The Chief Rabbi of the United Hebrew Congregations of the Commonwealth presided at the inauguration of the ACT Jewish Community Inc's first rabbi, Alon Meltzer, this week.
Rabbi Meltzer, a 26-year-old New Zealander who moved to Canberra after studying theology in the United States, is the first rabbi in the congregation's 63-year history.
The event, which was attended by 225 people, also marked the announcement of a major extension to the National Jewish Memorial Centre.
Chief Rabbi Ephraim Mirvis completed a circle of history when he turned the first sod of the new wing.
The then chief rabbi of the Commonwealth, Israel Brodie, had laid the foundation stone of the centre, which also serves as a memorial to Australian Jews who have lost their lives fighting for the country, during a visit to Canberra in 1962.
That celebration had been attended by then prime minister Robert Menzies and Israeli ambassador Moshe Yuval.
The current ambassador, Shmuel Ben-Shmuel, attended the event this week.
Rabbi Meltzer, only the fourth rabbi to emerge from New Zealand's Jewish congregation, moved to Australia in August.
He and his wife, Linsay, have two young daughters and Canberra is already very much their home.
"It has always been my dream to be a community rabbi," he said. "Being a rabbi holds much responsibility, and not a day goes by without my realising the magnitude of the role representing the history of our people, our Torah, our laws and being a Kiddush Hashem, a sanctification of God's name."
Rabbi Meltzer, who was inaugurated in the presence of his parents who had travelled from New Zealand, said it was hard to describe what the event meant to him.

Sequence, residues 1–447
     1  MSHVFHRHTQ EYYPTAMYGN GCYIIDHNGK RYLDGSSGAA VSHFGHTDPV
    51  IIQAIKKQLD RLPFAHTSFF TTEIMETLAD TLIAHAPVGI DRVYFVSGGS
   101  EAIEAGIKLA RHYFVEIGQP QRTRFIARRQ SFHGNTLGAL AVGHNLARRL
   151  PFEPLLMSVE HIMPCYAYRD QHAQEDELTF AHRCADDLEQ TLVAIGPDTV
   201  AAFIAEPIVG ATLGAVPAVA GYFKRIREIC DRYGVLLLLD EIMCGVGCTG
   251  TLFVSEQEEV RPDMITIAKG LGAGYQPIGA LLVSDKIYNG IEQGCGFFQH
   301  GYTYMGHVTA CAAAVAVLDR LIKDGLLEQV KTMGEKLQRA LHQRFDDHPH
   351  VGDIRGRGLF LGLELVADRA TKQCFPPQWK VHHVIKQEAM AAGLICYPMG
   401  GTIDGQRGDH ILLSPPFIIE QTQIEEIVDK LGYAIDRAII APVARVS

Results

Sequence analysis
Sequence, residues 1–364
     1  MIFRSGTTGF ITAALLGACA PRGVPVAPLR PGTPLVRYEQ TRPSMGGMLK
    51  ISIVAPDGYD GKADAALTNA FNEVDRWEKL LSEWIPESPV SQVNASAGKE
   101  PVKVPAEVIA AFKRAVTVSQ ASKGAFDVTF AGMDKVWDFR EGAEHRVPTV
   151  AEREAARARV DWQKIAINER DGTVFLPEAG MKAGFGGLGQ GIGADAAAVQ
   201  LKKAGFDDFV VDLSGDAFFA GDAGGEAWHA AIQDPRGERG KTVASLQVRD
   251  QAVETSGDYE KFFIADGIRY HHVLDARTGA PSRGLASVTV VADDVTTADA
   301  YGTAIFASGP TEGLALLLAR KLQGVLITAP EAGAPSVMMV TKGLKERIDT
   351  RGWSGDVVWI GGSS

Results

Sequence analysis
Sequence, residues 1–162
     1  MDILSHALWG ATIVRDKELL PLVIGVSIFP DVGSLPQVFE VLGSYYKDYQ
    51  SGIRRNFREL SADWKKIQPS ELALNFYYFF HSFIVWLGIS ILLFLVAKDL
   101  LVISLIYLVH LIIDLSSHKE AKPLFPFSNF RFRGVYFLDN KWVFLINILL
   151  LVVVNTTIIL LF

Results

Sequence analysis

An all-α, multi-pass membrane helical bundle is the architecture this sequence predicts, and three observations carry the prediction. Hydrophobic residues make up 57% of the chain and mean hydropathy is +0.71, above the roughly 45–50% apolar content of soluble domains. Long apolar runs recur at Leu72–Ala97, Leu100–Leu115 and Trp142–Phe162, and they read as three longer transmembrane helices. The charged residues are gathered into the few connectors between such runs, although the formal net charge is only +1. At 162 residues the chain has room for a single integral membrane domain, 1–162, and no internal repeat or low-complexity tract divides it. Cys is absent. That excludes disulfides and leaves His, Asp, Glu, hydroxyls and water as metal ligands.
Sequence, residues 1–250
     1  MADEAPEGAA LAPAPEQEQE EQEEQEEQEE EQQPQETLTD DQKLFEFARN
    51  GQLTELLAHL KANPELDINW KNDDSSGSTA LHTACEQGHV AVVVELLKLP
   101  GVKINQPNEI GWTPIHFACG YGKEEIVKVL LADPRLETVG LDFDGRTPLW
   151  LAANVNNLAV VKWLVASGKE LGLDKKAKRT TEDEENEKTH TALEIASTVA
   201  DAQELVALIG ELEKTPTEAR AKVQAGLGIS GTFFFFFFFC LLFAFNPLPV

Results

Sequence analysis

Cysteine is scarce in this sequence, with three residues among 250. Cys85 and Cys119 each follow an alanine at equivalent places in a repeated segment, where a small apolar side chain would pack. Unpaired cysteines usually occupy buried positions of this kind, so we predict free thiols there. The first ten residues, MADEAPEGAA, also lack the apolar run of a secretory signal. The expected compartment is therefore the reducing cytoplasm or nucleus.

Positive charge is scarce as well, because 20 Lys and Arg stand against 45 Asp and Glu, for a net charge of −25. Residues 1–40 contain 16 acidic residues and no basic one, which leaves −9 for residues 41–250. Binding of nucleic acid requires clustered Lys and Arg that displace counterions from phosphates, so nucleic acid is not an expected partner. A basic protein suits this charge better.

"This community has existed for more than 60 years and has not had a rabbi until now," he said.
"I realise that this is an appointment of national significance [to the Jewish community]."
While Jews have lived in the region since the 19th century, Canberra's community took root in the 1930s.
By the late 1940s, serious thought was being given to establishing a formal congregation with the inaugural meeting of the community held in 1951.
The first bar mitzvah was celebrated in 1953 and the first communal Passover was held in 1954.
The lease for the land on which the centre stands was signed in 1959.
Building began in 1971 and then prime minister William McMahon opened the complex in December that year.
"The centre is unique in Australia for its inclusiveness encompassing orthodox and progressive Jewish communities," Rabbi Meltzer said.
Canberra's Jewish population is estimated at 1000 people, 200 of whom are affiliated with the centre.
Rabbi Meltzer is the second Rabbi currently in Canberra, with Rabbi Shmueli Feldman leading the orthodox Chabad organisation.